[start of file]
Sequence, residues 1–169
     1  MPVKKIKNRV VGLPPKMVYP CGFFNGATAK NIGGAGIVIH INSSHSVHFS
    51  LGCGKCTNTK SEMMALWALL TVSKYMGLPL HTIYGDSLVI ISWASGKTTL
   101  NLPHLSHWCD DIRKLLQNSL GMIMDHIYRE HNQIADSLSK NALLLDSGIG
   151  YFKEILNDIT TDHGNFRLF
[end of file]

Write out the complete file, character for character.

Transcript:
Sequence, residues 1–169
     1  MPVKKIKNRV VGLPPKMVYP CGFFNGATAK NIGGAGIVIH INSSHSVHFS
    51  LGCGKCTNTK SEMMALWALL TVSKYMGLPL HTIYGDSLVI ISWASGKTTL
   101  NLPHLSHWCD DIRKLLQNSL GMIMDHIYRE HNQIADSLSK NALLLDSGIG
   151  YFKEILNDIT TDHGNFRLF